Unrepresented in investment decision-making, women may miss out on the benefits of aid. Men tend to value productivity-raising investments, for example, whereas women tend to prefer investments that save time and add value. If you were to ask women in a Tanzanian village what investments they most needed , Byanyima said, they would likely say a water pump close to the village could save them hours of time. Aid needs to especially recognize the needs of women, which may otherwise be overlooked, she added.

Byanyima concluded by recognizing the incredible progress in the Millennium Development Goals era, during which "we have seen the fastest reduction of poverty in human history." Aid has played a significant role in this achievement, she said, but there is still work to do: We must continue our commitment to rural development, with a keen eye to climate change, inequality and women's empowerment. We must find not only agronomic solutions but also social, political and environmental ones. There is still a place for aid in the future of rural transformation, Byanyima said – but it should work toward its own eradication.

Written by Larissa Setaro

The second global meeting of the Indigenous People's forum convened on 12-13 February 2015 in IFAD's headquarters. Held every two years, the Forum is a dialogue between the United Nations, represented by IFAD, and representatives of indigenous peoples from all over the world acting as ambassadors of their own experiences, traditions and cultures. This year the focus was on indigenous peoples' food systems and sustainable livelihoods.

Indigenous peoples have a long history of food systems depending on the traditional knowledge of their local ecosystems. In addition, they play a vital role in preserving and recovering the natural environment that shaped their livelihoods and cultures for centuries, acting as stewards of biodiversity.

In this regard, the Forum hosted a session on the relationship between indigenous food systems and nutrition, and two experts on the subject were invited to speak: Harriet Kuhnlein, Professor Emerita of Human Nutrition and founding Director of the Centre for Indigenous Peoples’ Nutrition and Environment (CINE) at McGill University in Canada, and Treena Delormier, Assistant Professor, Native Hawaiian and Indigenous Health, University of Hawaii.

Nutritional value of indigenous foods


CINE's research started in Canada with the Mohawk Council of Kahnáwake, located near Montréal, Québec. Interested in understanding the impact of indigenous food in indigenous peoples' diets, Kuhnlein and her team developed a methodology on documenting traditional food systems to understand their nutrient composition, benefits and threats. The data collected would then be kept to help the community preserve knowledge on local food systems.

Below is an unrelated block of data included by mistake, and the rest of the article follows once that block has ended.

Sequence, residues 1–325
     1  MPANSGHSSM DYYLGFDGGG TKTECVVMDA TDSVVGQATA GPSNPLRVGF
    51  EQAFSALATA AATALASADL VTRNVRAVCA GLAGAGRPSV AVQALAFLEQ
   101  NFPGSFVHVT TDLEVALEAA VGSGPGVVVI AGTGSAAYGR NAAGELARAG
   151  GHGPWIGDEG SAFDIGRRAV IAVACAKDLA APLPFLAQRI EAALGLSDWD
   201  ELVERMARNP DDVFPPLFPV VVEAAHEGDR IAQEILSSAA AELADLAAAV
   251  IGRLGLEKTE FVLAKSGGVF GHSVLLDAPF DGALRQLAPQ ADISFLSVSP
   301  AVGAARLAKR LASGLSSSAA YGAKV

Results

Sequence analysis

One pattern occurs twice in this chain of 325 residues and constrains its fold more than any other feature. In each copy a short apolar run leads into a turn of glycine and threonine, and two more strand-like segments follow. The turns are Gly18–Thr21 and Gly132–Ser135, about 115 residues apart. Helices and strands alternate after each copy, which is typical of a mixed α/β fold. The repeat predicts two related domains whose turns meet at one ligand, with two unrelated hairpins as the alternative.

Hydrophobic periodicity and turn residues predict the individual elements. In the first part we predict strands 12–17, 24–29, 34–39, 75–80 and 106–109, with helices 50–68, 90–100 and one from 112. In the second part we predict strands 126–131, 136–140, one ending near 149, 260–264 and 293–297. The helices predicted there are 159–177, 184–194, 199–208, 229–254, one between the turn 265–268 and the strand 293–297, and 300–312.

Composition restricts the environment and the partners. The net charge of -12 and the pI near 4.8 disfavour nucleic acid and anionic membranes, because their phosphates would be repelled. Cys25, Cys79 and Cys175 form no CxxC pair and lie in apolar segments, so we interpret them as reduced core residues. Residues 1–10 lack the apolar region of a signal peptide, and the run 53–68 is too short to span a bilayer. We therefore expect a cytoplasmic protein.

Through the methodology, they developed a range of case studies that involve 12 communities worldwide. CINE's team found that generally, when indigenous products are part of people's diets, they have a positive nutritional impact and should be protected. An example that surprised me comes from the Inuit community, where the traditional food is muktuk, the skin and underlying blubber of the whale. These products contain vitamin C and A, besides micro-nutrients such as iron and zinc, that can be of particular relevance in areas where the growth of fruits and vegetables is constrained by ecological features.

It was also interesting to listen to the experience of Delormier, who herself comes from the Mohawk Council of Kahnáwake and stressed that food is what we are and where we come from. Delormier explained that economic, social and environmental transitions are threatening their food systems. She emphasized that often indigenous products are of higher nutritional value than food bought in supermarkets – which, while inexpensive, is low-quality food that increases carbohydrates and sugars in diets and can lead to obesity, high blood pressure, diabetes, premature heart disease and shortened life spans.

A pertinent comment came from an indigenous peoples' representative from Bolivia, who stressed that indigenous products are central to their nutrition and cultural identity. However, in some cases external forces undermine the preservation of food systems, as it is happening with quinoa, which is becoming less available to indigenous people given its international demand. In these cases, long term, sustainable solutions are overlooked in favour of the driving forces of globalization. Another example comes from the Green Revolution that – through large mono-cropping of high-yield varieties – led to high dependence on a few major cereals varieties and loss of biodiversity.

Table laden with candles and food staples from around the world at the Indigenous Peoples' Forum.
©IFAD/ A. Vincent

Dietary diversity and resilience